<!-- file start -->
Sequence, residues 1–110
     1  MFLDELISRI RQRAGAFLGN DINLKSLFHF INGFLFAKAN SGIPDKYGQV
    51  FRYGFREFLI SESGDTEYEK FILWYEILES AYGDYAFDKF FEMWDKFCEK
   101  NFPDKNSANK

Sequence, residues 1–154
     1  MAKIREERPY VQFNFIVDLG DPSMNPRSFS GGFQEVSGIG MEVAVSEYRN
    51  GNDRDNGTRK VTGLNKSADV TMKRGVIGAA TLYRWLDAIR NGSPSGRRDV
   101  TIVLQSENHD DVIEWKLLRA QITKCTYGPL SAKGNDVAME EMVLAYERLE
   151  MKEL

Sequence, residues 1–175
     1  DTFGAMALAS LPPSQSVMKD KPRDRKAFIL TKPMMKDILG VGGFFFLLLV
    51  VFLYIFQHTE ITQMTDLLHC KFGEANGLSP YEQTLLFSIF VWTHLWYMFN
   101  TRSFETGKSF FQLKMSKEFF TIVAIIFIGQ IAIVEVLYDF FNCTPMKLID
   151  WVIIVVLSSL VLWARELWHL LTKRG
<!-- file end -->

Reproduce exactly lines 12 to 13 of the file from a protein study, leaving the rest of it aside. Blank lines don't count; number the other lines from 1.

    51  VFLYIFQHTE ITQMTDLLHC KFGEANGLSP YEQTLLFSIF VWTHLWYMFN
   101  TRSFETGKSF FQLKMSKEFF TIVAIIFIGQ IAIVEVLYDF FNCTPMKLID